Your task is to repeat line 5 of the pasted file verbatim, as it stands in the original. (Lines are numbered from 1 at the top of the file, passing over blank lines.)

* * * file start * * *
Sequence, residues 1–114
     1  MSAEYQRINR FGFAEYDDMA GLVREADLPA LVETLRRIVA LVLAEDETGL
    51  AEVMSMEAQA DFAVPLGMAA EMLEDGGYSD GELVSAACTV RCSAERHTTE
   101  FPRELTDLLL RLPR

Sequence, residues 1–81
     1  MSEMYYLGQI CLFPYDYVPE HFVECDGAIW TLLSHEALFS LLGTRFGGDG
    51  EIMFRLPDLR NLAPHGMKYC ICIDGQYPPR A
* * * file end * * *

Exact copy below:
Sequence, residues 1–81